While Baghdad has consistently condemned the attacks against US positions in Iraq and Syria and vowed to bring the perpetrators to justice, there are structural obstacles preventing this, namely the nature of the relationship between Iran-backed militias in Iraq and the Iraqi government.


The Islamic resistance and the Iraqi government

The majority of the factions that belong to the self-defined Islamic Resistance in Iraq are also part of the umbrella organization known as Popular Mobilization Forces.

The various paramilitary organizations that make up the PMF first came together in 2014 in response to a fatwa (Islamic law ruling) issued by Grand Ayatollah Ali al-Sistani, a prominent Shia cleric in Iraq. Sistani called on Iraqis to take up arms and join Iraq’s security forces against ISIS, at a time when the latter had overrun about a third of Iraq, and the Iraqi army, in complete disarray, seemed unable to stop its advance.

The PMF were responsible for a series of important victories, such as the liberation of Mosul, the loss of which had been a defeat etched in the memory of the Iraqi army. As the militias grew stronger, they were brought under the nominal control of the Undersecretariat of National Security under the Prime Minister, as an autonomous body, in the attempt to keep the pro-Iran factions in check. It is important to bear in mind that many of the militias were fiercely pro-Iran and saw the fight against ISIS’ Sunni extremists also as a reaffirmation of the rights of the Shia community that Iran so carefully positions itself as a leader and protector of in the international arena.

Iran has in fact provided political, financial and military support to specific Shia militias within the PMF, raising concerns about external influence within Iraq’s domestic affairs. This dynamic relationship underscores the intricate geopolitical landscape in which the PMF operates, with the current inability of the Iraqi government to prevent Iran-backed militias within the PMF from attacking US troops in Iraq and Syria, raising questions about where the centers of power in the Iraqi system actually lay.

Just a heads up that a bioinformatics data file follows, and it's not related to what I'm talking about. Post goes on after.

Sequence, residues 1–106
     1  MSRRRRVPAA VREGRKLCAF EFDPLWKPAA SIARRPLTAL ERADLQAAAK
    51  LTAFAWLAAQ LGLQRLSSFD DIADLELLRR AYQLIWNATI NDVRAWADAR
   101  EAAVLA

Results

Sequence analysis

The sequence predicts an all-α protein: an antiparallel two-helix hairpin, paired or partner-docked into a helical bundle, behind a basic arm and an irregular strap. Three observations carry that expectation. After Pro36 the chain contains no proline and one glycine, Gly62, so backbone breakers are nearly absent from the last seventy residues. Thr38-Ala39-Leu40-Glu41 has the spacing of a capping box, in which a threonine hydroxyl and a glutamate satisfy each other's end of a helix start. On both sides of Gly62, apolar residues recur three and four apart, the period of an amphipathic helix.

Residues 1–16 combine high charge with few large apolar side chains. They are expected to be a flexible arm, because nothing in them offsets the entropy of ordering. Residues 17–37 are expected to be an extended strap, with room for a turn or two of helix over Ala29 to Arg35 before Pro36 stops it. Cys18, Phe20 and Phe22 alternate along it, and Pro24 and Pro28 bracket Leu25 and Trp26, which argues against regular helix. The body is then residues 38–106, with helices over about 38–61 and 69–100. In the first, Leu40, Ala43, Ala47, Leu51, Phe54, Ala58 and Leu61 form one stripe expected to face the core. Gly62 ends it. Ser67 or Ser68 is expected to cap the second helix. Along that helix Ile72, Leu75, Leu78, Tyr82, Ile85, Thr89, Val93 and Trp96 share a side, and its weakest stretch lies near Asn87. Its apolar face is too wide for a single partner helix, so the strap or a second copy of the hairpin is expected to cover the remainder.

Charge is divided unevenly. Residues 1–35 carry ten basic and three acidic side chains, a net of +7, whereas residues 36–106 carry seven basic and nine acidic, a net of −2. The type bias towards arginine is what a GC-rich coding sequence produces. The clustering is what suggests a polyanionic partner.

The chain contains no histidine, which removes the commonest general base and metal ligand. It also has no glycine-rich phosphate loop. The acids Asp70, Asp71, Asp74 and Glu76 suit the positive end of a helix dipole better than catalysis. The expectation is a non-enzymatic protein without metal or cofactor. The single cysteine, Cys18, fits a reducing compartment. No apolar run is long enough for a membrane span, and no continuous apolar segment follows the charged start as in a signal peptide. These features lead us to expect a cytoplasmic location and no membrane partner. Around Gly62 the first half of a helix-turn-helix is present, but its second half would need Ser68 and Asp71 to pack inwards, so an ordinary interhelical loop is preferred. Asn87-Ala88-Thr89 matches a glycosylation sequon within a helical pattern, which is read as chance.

The looming question: Who has the last word in Iraq?

The confusion regarding which internal and external actors hold power and legitimacy in Iraq raises concerns for the country’s security, and its capacity to endure a potential arm-wrestling match between Tehran and Washington. On the one hand, some worry about the possibility that a departure of the coalition troops in the near future might leave Iran-backed militias free range in the country, and on the other, many, especially in federal Iraq, are frustrated by the continued presence of US troops in the country.

When it comes to focusing on the international dimension of this regional escalation, one thing is sure: the best way to delegitimize the actions of Iran and its proxies, as pointed out by former special adviser to two High Representatives of the European Union for Foreign Affairs and Security Policy, Nathalie Tocci, in an analysis on the Houthi’s actions in the Red Sea, is to support a ceasefire in Gaza and a cessation of Israeli hostilities.


Read also: The Israel-Gaza war and international diplomacy: multiple efforts, in random order


Domestically, the developments witnessed by Iraq in the aftermath of October 7th highlight the important structural weaknesses of the current system and an increasingly evident powershift in Baghdad-Erbil relations, raising questions regarding whether federalism in the country is actually in danger or not, against the backdrop of the run-up to the upcoming – and contentious – Kurdistan Region parliamentary elections.